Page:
This morning I hopped the subway after dropping the kids off at school to do the unthinkable. I bought understudy cupcakes for Virginia’s birthday party tomorrow. I’ve been beating myself up all week about it. So many milestones have transpired the last 270 days. The first Cape Cod trip. My birthday. Our anniversary. Thanksgiving. Christmas. A new calendar year.
But their birthdays—that’s a hurdle I don’t know how to face.
The girls turn four and nine next Friday. The celebrations begin tomorrow with Virginia’s party. Rather than host a huge shindig at our place, as I usually do, I decided to keep it low maintenance. It’s at a local pottery studio. I chose 11:00 am to 12:30pm so I wouldn’t have to worry about serving breakfast or lunch. It pained me to be running, hell sprinting, from feeding people. Cooking, feeding—that’s how I show I care. For these birthdays, though, I sensed I’d need to hold onto every piece of my fiber to keep it together.
I resolved I would not bake the cupcakes either. If I choose to be an inactive participant in this milestone and not leave my mark on it, then it wouldn’t count. I could fool myself into believing it’s not really going to happen. The idea is absurd, but there’s nothing logical about grief.
After 30 cupcakes had been tucked away in boxes, I crossed Essex Street and the handle broke. The boxes landed upside down. A lump in my throat, tears welling in the corners of my eyes, I thought it was a sign. It was Mikey, the man who incessantly teased “when are you going to start making your own water from scratch”. He was looking down disappointed that I copped out and didn’t “mom-up”. I couldn’t put my selfish grief aside and bake our daughter’s birthday cupcakes.
I looked up, muttering “fuck you” to the sky, followed by a “you’re the one who died” whisper.
The gal at the bakery was amazing. She packed up fresh cupcakes, all the while reassuring me it wasn’t a sign. “Sometimes it’s just a bag” were her words, and they echoed in my mind as I walked down Orchard Street in search of a good cup of coffee and place to read my book.
After my coffee pit stop, I made my way to the East Broadway station. Then I spied this store down the block.
I kept walking, and found this store.
Within minutes I was standing across from here, tears trickling down my cheeks.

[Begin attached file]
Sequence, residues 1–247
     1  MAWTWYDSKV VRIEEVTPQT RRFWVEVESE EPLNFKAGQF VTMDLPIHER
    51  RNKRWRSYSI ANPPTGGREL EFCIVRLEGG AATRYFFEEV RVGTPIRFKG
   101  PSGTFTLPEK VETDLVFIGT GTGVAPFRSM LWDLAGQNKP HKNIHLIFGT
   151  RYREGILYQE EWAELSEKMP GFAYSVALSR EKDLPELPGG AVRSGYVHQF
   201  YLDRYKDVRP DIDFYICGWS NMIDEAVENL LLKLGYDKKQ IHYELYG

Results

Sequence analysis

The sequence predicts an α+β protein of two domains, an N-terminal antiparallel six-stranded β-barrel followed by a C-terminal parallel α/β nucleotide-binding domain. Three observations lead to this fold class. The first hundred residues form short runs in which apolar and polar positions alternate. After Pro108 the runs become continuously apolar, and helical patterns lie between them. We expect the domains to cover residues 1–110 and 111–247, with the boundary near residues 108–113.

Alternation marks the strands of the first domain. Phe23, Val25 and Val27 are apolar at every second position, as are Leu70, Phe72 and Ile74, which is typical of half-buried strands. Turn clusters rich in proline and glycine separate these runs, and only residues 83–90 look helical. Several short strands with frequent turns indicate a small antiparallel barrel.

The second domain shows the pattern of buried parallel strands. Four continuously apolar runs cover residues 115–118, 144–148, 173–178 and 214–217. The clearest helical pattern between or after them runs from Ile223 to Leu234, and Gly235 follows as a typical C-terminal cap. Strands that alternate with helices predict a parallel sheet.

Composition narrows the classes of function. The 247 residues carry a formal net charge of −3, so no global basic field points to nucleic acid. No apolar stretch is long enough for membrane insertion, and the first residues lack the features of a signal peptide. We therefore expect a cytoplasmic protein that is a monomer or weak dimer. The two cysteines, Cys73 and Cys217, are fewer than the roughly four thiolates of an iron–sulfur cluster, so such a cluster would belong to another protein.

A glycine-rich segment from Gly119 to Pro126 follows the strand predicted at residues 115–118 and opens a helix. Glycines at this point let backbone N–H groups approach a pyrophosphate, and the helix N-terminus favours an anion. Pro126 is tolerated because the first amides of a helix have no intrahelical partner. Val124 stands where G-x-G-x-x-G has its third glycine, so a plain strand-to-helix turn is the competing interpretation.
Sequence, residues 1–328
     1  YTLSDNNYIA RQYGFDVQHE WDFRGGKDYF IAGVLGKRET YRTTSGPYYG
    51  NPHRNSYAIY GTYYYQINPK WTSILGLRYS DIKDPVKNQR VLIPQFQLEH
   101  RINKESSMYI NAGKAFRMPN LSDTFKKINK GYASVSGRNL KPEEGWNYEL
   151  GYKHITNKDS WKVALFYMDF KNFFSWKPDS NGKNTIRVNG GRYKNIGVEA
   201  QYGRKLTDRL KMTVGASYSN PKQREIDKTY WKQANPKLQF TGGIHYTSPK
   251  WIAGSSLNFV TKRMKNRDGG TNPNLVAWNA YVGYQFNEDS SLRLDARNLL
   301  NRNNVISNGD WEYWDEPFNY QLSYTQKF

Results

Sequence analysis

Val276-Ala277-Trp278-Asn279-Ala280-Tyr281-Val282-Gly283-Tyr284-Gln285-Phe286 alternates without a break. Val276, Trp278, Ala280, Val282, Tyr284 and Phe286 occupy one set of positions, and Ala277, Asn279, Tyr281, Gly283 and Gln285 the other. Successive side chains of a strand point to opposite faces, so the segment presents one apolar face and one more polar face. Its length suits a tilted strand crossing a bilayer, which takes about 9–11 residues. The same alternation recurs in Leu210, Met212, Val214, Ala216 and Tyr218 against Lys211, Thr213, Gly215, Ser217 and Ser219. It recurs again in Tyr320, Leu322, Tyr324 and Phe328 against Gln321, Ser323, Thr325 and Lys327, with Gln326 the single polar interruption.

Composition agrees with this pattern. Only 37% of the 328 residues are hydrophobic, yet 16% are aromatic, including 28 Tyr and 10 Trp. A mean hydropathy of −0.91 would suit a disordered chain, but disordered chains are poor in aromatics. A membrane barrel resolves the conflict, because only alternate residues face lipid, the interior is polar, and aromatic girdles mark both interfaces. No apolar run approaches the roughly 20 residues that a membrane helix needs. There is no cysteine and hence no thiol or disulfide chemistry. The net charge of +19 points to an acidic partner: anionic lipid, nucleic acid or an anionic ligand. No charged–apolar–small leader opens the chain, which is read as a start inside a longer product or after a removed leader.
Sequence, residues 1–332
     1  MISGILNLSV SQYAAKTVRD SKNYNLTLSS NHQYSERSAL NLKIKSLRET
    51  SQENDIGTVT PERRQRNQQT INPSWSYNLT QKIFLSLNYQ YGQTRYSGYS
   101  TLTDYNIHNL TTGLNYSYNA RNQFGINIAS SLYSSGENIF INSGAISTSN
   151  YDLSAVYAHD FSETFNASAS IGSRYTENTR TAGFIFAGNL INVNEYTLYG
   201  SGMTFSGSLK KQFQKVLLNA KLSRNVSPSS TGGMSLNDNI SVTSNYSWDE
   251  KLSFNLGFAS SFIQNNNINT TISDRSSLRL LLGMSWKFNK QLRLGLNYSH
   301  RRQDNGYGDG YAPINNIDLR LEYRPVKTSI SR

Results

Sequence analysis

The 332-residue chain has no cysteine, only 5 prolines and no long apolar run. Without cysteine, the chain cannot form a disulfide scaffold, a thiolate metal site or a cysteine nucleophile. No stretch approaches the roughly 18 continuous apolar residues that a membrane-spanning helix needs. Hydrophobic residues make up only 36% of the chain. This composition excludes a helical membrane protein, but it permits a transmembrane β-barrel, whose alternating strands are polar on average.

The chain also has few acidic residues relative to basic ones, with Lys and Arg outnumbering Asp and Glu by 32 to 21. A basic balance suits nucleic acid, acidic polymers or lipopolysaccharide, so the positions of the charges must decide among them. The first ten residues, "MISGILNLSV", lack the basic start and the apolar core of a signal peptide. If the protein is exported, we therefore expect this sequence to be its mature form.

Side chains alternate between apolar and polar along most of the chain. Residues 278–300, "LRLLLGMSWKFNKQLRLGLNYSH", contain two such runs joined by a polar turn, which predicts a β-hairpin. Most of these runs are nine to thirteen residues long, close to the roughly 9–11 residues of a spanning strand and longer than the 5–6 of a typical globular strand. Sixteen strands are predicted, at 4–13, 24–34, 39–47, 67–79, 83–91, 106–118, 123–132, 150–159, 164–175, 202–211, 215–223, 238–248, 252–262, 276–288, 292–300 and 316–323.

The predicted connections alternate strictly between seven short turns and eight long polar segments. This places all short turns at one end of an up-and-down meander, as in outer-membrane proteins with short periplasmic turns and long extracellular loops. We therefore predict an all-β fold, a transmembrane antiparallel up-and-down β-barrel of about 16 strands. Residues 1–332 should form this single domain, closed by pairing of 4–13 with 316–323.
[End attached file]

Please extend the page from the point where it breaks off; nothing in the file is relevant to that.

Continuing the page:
It all started as a family outing to the Big Apple BBQ last June. After loading our bellies with ribs and pulled pork, I told Mikey I wanted to walk a bit before going home. I wanted the girls to see the city as their daddy and I had in our early years together. We weaved our way out of Madison Square Park, through Chelsea, the Village, Soho and into Chinatown. After a rambling stroll, we decided to catch the A at Canal Street.
Well, Mikey decided. I pleaded to take a cab because the trains were rerouted due to weekend work. As we stood underground, deciphering schedule change signs, a young girl asked for directions. She had a baby wrapped in a blanket, his unclothed arms and legs spilling out the sides. He was very still. I asked if the baby was okay or needed to go to the hospital. She said he was fine, just sleeping.
Then I noticed she was barefoot. I looked at her eyes, mascara smeared and bloodshot from crying, and asked if she was okay. She said she just needed to find the bus to West Virginia. Her mother had prepaid for a ticket to get her home. We exited the subway, bought her some sandals and the baby a onesie at a merchant on Canal Street. I cradled Virginia in my arms and got in a cab with the young woman and her son while Mikey and Isabella walked to the address her mother had given her—59 Canal Street.
I didn’t even know Canal Street loops around once you hit the Manhattan Bridge, but luckily we had an old time, street savvy cab driver. I handed her my phone and asked her to call her mother to let her know she was safe. Afterwards, she told me she’d just left her husband. His mother had pulled a knife on her. She grabbed her son and ran to the train station. They had just woken up, hence the pajamas she was wearing and nothing but a blanket for the baby.
She shared more details, but that’s her story to tell.
We confirmed her bus reservation, then set out to buy a bottle and formula for the baby (Fang Trading) and get something for her to eat (Smoothies). Mikey and Isabella went in search of a clean shirt for her.
I found a restaurant nearby and asked if she could use their restroom to freshen up and change the baby. It was pushing 5:00pm and I knew the girls were tired but her bus wasn’t until 7:00pm. Mikey looked at me. He knew I couldn’t get on a train and leave her sitting on a particle board bench inside the store where the bus tickets were sold.
I sent him home with the girls, and waited with her until the bus eventually pulled up. I was still worried because she had to change to another bus late at night. I overheard a young man who was going to the same stop, making the same connection. He looked honest and kind, so I asked if he could keep an eye on her and let her use his phone if she needed to call her mom again.
I went home and hugged my girls tighter that night. I felt incredibly thankful that I was sharing my life with a person to whom humanity, compassion and lending a helping hand was also a natural reflex.
As I stared at 59 Canal Street today, I realized the real message Mikey was trying to send me. The cupcakes don’t matter. That day last June, the example we set for our girls about compassion and caring—that’s what they will carry in their hearts forever. How I continue to live my life, our life, the one we intended for our girls…that’s where the substance lies.